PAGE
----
TOM REGAN: SUMMONING ORENDA
May 21, 2016
Americans are afraid. Oh, they like to pretend that they are the bravest people on the planet. But in reality, fear dominates America society.
There isn’t a fear that Americans won’t embrace. Fear of blacks. Fear of Muslims. Fear of Latinos. Fear of women controlling their own bodies. Fear of big government. Fear of a transgender person using a bathroom. Fear of change. Fear of gluten. Fear of vaccines. Fear of GMOs. Fear of growing old. Fear of poverty. Fear of getting sick. You name it, Americans are afraid of it.
Fear controls almost every aspect of America society. It seeps into every part of our lives. Not that there aren’t things that we need to fear. But that fear is being used to manipulate us by a variety of entities.
Fear dominates politics. Politicians use fear in a variety of ways, occasionally like a razor blade, most often like a blunt instrument. Pronouncements about what to fear come of Washington or state capitols as regularly as updates about the weather. Politicians have learned that fear-based moralizing “sticks” (in the words of linguist George Lakoff) even when it is blatantly wrong or dangerous. Men and women speaking in somber tones or hysterical yelps (normally Republicans but sometimes Democrats too) urge Americans to be afraid of … well, it’s something different every day. ‘Our way of life is at risk,” “The nation is in danger”, “This is a cause for great concern!”, “What about the children?”
That fear is then magnified by the media. American media runs on fear. It’s their biggest money maker. This is particularly true at the local level where “Be afraid, be very afraid” should be the tagline of every newscast. At the national level, media incantations about fear are often shrouded in a fog of authority and technology. The Ebola crisis was the perfect example of how national media encouraged Americans to fear in a way that transcended the actual threat. Levels of fear are coded by how they affect the bottom line. If a network thinks a fear will bring in a lot of viewers, and thus, a lot of advertisers, then they will exploit that fear until they have drained every last drop of terror.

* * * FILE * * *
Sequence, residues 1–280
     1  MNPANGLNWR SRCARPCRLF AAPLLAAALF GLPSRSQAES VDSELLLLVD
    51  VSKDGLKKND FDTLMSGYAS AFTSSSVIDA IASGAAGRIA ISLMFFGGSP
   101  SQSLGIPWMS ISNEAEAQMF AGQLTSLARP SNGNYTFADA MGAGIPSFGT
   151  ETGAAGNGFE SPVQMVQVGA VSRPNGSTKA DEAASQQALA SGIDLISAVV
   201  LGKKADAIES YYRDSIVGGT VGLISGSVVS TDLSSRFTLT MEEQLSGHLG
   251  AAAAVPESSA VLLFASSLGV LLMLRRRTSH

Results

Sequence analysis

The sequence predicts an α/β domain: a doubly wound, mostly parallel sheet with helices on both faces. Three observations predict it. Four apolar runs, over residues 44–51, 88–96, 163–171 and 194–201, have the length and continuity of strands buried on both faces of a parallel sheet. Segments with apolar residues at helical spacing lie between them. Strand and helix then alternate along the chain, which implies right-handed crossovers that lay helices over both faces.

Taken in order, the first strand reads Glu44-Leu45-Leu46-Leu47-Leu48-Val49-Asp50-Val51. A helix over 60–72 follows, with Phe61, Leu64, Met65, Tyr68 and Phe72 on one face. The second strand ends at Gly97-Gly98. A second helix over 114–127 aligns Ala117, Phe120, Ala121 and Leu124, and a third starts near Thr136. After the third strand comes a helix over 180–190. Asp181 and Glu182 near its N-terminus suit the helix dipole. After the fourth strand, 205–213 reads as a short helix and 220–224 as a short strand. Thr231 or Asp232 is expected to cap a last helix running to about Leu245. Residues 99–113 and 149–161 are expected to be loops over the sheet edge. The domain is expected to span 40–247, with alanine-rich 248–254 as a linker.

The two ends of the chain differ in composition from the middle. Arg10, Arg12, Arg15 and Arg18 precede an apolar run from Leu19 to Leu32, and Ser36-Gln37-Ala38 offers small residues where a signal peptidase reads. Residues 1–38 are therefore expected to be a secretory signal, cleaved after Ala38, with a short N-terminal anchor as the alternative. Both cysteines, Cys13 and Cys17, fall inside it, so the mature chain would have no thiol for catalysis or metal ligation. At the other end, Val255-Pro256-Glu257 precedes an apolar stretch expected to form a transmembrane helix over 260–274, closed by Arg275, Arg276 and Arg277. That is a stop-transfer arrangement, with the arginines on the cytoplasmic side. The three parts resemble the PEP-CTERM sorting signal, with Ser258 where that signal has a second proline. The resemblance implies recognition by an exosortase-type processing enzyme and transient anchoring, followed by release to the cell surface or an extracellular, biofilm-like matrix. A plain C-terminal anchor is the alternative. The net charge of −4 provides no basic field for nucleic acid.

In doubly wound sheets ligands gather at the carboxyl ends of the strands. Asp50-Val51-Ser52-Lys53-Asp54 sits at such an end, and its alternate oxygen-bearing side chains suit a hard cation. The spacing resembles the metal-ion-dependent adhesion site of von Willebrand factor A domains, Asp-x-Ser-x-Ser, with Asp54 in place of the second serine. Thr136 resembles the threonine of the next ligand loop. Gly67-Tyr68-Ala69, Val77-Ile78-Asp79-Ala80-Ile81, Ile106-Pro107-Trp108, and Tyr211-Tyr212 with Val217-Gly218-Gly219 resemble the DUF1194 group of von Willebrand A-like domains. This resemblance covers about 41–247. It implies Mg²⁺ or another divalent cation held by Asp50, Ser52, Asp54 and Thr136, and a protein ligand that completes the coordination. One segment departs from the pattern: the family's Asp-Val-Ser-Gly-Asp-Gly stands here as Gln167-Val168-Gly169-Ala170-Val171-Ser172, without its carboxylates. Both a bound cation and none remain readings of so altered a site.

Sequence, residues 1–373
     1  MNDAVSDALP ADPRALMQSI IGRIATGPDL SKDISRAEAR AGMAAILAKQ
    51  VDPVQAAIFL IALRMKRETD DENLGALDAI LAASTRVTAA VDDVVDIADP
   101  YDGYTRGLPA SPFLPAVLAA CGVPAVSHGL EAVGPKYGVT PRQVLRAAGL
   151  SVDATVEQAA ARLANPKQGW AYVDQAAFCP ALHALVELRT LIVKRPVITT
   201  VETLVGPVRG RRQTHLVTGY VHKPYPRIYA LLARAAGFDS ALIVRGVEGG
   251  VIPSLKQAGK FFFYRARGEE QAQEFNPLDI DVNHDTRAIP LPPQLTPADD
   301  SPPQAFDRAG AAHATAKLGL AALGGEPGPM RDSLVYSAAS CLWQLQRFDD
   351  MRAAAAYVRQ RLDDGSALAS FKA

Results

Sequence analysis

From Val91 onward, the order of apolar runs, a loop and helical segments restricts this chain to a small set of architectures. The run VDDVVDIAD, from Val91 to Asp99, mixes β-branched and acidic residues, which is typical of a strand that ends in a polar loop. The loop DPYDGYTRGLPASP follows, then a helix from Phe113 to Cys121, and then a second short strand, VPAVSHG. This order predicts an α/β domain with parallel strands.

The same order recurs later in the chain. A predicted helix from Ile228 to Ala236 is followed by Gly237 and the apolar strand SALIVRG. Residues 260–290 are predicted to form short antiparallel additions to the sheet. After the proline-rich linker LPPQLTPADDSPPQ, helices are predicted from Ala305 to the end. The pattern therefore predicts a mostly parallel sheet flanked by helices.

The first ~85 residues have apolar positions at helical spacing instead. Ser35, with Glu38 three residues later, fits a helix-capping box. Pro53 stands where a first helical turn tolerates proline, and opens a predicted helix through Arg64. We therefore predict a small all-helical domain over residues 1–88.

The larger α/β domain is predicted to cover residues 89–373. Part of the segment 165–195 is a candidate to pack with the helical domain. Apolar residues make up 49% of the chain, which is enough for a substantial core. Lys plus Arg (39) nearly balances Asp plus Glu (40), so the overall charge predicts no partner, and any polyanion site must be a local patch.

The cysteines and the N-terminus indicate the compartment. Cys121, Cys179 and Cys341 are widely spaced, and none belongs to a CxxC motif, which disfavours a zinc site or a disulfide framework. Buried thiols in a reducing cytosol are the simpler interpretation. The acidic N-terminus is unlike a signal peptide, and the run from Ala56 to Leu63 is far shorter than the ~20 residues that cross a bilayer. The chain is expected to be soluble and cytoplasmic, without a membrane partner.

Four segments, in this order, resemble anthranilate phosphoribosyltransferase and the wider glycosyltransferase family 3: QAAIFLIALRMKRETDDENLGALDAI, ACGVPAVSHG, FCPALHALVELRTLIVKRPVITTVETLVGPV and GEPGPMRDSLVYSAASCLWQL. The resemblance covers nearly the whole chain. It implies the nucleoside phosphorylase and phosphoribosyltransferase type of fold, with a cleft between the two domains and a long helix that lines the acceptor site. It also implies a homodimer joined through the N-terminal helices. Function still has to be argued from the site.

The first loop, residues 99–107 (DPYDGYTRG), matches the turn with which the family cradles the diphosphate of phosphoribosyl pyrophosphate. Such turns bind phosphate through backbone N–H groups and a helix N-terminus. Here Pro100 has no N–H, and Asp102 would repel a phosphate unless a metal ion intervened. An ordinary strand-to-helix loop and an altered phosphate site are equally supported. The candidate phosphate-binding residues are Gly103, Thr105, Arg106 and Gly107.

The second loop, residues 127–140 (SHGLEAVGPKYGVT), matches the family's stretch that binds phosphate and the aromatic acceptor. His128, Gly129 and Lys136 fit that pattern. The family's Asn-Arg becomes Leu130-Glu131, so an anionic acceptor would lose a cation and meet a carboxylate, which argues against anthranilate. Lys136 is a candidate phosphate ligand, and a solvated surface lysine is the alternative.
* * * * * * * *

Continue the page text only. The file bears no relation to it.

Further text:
Fear is what motivates us to give up our privacy to state security institutions, far beyond what is needed. And these institutions know that and count on us being afraid in order to control us, to convince us that it’s OK that we are being watched, our emails read, our social media hacked, our private musings screened. These are things we should be afraid of, but not an incapacitating fear — an angry one at these outrageous violations. But fear is used to placate us. We’re told if we don’t allow these intrusions, we and our loved ones will be killed. And if we stand up to these injustices, then we need to fear punishment.
Fear, you see, incapacitates reason. It takes our emotions by the throat and lies to us about what needs to be done, which leads us to make the wrong decision far too often. If Americans could calmly look at what they fear, they would likely dismiss these fears as just so much nonsense, not borne out by fact or study. But they can’t. It’s easier to be afraid than to be brave. Easier to be afraid than to actually invest in understanding or thoughtfulness. As a species, we tend to look for the easy way out, the simple solution. Fear provides us with that option.
Fear is what has allowed the master of fear, Donald Trump, to be one step away from being the most powerful man on the planet. Fear is what allows Trump to say that Oakland and Ferguson are two of the most dangerous places in the world … and have people believe him. Fear is what allows him to paint Hispanics as racists and say that “China is eating our lunch.” Fear is what attracts people to Trump like flies to manure. He knows it, too. He plays Americans’ fears, particularly the fears of white Americans, like a virtuoso playing a violin.
Trump did not, however, invent these fears or make Americans afraid. He is merely capitalizing on how the media and politicians laid the groundwork for him. He isn’t actually promising to “Make America Great Again!” His real message (like all liars and snake oil salesmen) is, “I’m the only one who will make you less afraid. Trust me.”
There is no easy way to move away from these fears, and many Americans never will, for some of the reasons mentioned above.
But you can do it. You can pay attention to how things are said. The internet offers us ways to fact-check fears like never before. Don’t just react. Treat every political or media pronouncement with skepticism. Assume that what they are telling you is either incomplete, propaganda or an outright lie, until you know otherwise.
Years ago, on one of my favorite shows, MASH, a character described a brave person as one who does what he or she is the most afraid of doing. Maybe that is the only answer that really works.
Copyright Tom Regan 2016
Contact Tom Regan: firstname.lastname@example.org
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Tom Regan has worked for the Canadian Broadcasting Corporation and with the National Film Board in Canada, and in the United States for the Christian Science Monitor, Boston Globe, and National Public Radio. A former executive director of the Online News Association in the U.S., he was a Nieman fellow at Harvard in 1991-92. He is based near Washington, D.C.
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